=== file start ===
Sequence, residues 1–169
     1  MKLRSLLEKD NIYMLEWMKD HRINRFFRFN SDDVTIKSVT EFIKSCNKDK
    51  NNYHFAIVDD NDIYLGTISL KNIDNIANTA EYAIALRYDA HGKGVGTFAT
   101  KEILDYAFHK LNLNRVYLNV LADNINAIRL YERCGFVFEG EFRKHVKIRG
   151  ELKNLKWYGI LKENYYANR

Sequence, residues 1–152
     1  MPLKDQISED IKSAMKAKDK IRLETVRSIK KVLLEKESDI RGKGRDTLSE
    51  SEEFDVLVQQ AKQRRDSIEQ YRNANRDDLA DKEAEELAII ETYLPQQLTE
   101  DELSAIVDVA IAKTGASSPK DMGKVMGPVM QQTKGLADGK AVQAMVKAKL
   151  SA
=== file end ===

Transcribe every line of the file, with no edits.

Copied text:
Sequence, residues 1–169
     1  MKLRSLLEKD NIYMLEWMKD HRINRFFRFN SDDVTIKSVT EFIKSCNKDK
    51  NNYHFAIVDD NDIYLGTISL KNIDNIANTA EYAIALRYDA HGKGVGTFAT
   101  KEILDYAFHK LNLNRVYLNV LADNINAIRL YERCGFVFEG EFRKHVKIRG
   151  ELKNLKWYGI LKENYYANR

Sequence, residues 1–152
     1  MPLKDQISED IKSAMKAKDK IRLETVRSIK KVLLEKESDI RGKGRDTLSE
    51  SEEFDVLVQQ AKQRRDSIEQ YRNANRDDLA DKEAEELAII ETYLPQQLTE
   101  DELSAIVDVA IAKTGASSPK DMGKVMGPVM QQTKGLADGK AVQAMVKAKL
   151  SA